Analysis of the impact of heat waves on daily mortality in urban and rural areas in Madrid

J. A. López-Bueno*, M. A. Navas-Martín, C. Linares, I. J. Mirón, M. Y. Luna, Gerardo Sanchez Martinez, D. Culqui, J. Díaz

*Corresponding author for this work

Research output: Contribution to journalJournal articleResearchpeer-review


The objective of this study was to analyze and compare the effect of high temperatures on daily mortality in the urban and rural populations in Madrid. Data were analyzed from municipalities in Madrid with a population of over 10,000 inhabitants during the period from January 1, 2000 to December 31, 2020. Four groups were generated: Urban Metropolitan Center, Rural Northern Mountains, Rural Center, and Southern Rural. The dependent variable used was the rate of daily mortality due to natural causes per million inhabitants (CIE-X: A00-R99) between the months of June and September for the period. The primary independent variable was maximum daily temperature. Social and demographic “context variables” were included: population >64 years of age (%), deprivation index and housing indicators. The analysis was carried out in three phases: 1) determination of the threshold definition temperature of a heat wave (Tumbral) for each study group; 2) determination of relative risks (RR) attributable to heat for each group using Poisson linear regression (GLM), and 3) calculation of odds ratios (OR) using binomial family GLM for the frequency of the appearance of heat waves associated with context variables. The resulting percentiles (for the series of maximum daily temperatures for the summer months) corresponding to Tthreshold were: 74th percentile for Urban Metropolitan Center, 76th percentile for Southern Rural, 83rd for Rural Northern Mountains and 98th percentile for Center Rural (98). Greater vulnerability was found for the first two. In terms of context variables that explained the appearance of heat waves, deprivation index level, population >64 years of age and living in the metropolitan area were found to be risk factors. Rural and urban areas behaved differently, and socioeconomic inequality and the composition of the population over age 64 were found to best explain the vulnerability of the Rural Center and Southern Rural zones.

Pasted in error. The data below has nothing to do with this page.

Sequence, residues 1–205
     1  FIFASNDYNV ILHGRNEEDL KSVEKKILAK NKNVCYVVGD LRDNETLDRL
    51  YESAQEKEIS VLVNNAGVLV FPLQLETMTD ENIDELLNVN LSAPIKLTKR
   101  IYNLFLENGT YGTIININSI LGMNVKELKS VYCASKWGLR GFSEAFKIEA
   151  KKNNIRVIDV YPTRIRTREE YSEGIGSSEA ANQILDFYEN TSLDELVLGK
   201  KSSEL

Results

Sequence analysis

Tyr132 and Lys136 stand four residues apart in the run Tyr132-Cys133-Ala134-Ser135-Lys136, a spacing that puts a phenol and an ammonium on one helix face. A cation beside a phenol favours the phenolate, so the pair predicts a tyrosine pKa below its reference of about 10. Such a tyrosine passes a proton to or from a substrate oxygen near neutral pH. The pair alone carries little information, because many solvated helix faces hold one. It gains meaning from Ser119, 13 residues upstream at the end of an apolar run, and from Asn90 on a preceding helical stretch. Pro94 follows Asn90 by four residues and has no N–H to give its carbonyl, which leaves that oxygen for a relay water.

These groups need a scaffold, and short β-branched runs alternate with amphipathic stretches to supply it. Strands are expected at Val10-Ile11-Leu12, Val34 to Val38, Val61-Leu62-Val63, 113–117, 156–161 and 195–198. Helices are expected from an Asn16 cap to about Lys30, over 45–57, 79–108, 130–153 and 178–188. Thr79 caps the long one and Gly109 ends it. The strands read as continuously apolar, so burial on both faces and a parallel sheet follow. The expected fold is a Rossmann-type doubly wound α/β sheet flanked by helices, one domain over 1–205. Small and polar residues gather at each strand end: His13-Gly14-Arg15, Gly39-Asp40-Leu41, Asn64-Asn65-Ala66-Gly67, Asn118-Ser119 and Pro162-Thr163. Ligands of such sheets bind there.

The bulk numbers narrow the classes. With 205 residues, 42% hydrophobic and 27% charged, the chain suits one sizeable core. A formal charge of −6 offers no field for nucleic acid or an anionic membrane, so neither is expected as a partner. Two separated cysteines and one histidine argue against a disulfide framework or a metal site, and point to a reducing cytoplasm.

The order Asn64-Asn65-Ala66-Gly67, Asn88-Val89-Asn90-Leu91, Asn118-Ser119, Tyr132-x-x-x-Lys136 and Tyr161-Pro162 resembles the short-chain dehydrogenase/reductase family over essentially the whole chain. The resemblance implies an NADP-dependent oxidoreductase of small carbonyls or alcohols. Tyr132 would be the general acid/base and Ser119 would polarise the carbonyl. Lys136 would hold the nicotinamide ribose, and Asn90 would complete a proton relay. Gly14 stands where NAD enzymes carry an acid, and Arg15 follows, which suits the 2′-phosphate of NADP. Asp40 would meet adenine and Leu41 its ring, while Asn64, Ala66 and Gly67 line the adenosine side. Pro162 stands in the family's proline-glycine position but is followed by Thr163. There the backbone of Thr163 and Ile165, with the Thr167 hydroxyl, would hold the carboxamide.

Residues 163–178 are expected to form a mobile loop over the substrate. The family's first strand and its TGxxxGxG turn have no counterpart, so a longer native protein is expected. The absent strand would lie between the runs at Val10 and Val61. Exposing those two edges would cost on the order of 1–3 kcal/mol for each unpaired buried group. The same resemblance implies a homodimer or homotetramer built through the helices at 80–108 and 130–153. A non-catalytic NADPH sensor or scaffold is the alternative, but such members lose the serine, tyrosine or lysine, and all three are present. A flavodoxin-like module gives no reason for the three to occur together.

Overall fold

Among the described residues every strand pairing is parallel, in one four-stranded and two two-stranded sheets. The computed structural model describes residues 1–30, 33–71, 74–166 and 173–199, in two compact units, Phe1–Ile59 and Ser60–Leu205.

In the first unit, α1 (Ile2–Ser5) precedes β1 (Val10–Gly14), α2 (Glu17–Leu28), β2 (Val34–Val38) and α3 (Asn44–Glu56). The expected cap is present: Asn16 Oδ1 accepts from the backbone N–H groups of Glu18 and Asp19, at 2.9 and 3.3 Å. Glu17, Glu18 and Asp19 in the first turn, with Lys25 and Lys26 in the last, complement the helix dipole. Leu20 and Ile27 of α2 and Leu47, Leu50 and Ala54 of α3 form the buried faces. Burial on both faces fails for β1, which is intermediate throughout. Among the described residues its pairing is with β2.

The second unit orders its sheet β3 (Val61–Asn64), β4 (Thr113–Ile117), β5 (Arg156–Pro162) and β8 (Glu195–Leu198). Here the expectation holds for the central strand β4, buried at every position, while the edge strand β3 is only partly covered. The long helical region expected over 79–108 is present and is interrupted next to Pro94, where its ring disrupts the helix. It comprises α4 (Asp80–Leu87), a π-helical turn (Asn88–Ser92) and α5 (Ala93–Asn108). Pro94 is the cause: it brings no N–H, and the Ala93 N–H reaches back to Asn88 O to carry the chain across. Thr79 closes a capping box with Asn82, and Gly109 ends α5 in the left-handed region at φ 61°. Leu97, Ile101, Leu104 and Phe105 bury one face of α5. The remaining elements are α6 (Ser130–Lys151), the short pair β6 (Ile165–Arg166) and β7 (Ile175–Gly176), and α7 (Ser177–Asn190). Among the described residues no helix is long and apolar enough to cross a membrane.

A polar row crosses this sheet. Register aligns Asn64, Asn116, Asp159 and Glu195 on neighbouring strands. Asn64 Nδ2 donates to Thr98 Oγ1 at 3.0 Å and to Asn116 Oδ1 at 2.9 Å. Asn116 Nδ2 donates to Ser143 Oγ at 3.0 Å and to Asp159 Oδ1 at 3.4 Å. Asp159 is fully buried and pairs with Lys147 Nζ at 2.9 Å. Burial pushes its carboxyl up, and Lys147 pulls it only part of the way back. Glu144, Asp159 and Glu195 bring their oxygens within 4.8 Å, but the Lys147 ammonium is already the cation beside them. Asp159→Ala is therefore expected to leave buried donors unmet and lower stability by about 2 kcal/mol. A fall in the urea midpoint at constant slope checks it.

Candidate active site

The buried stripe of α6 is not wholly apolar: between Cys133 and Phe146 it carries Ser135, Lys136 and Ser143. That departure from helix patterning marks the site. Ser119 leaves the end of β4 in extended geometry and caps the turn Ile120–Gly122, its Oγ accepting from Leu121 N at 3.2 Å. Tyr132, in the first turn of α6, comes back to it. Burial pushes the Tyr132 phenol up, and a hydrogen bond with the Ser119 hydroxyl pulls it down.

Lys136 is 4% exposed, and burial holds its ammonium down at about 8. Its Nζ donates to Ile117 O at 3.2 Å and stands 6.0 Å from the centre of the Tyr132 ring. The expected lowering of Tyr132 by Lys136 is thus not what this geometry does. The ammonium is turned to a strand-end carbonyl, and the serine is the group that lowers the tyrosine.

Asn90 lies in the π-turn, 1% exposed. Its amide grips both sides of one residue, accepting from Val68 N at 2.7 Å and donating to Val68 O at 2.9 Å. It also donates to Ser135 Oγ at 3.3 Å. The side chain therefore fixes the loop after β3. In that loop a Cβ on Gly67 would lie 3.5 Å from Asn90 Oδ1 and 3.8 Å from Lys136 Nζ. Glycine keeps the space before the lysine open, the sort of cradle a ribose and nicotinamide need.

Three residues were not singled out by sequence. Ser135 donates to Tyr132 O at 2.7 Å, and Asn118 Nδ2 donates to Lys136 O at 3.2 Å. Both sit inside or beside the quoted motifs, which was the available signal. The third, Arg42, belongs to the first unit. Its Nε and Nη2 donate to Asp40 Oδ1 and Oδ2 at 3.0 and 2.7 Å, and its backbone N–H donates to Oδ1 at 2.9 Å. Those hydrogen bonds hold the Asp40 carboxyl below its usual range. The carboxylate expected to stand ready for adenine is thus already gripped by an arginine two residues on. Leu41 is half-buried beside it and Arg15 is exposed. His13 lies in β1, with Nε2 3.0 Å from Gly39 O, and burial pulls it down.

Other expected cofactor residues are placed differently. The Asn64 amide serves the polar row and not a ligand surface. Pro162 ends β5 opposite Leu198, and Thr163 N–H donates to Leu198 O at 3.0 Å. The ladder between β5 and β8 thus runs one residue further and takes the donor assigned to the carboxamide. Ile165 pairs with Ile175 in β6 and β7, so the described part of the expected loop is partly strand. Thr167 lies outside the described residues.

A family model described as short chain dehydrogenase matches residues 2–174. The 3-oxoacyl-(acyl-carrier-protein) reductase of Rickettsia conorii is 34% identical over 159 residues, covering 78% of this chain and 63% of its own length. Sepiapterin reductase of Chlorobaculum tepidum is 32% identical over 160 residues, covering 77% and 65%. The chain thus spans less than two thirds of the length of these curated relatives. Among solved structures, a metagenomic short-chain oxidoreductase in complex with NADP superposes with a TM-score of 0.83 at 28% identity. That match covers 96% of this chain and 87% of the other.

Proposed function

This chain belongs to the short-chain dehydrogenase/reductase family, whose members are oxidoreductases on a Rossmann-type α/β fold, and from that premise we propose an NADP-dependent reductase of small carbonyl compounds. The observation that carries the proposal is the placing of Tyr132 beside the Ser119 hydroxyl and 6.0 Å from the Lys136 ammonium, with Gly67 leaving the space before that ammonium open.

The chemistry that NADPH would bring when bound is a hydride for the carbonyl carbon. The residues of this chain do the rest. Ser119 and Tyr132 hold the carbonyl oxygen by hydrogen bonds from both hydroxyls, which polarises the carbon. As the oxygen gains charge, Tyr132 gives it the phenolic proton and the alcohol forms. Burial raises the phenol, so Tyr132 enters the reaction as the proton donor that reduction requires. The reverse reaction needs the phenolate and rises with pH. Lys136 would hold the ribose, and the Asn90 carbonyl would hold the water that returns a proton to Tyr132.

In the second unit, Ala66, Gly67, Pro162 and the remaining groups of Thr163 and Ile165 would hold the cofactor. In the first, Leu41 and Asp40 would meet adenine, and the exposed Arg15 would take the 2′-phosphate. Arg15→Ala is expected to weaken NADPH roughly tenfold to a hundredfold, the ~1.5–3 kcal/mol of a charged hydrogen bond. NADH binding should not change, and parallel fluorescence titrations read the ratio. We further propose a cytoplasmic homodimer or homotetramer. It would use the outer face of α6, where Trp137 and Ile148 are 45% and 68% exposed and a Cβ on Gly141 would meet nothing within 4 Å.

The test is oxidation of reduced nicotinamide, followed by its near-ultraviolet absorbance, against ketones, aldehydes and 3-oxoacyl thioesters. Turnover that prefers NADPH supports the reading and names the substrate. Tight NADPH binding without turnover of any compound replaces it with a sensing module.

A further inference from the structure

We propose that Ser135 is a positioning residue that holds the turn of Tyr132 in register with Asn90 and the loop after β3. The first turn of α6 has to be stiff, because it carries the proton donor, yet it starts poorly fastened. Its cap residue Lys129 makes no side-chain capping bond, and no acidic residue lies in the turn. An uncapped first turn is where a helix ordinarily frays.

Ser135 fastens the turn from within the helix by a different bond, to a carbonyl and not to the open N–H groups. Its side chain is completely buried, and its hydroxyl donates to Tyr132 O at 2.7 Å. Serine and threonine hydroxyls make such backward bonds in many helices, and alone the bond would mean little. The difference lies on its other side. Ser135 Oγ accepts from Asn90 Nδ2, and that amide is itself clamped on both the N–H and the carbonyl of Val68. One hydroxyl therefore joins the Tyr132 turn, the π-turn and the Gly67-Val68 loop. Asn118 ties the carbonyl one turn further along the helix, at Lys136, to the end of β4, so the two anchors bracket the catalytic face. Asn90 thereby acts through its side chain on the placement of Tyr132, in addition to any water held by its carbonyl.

Original languageEnglish
Article number110892
JournalEnvironmental Research
Publication statusPublished - 2021


  • Heat waves
  • Mortality
  • Urban
  • Rural
  • Deprivation
  • Building quality
  • Ageing

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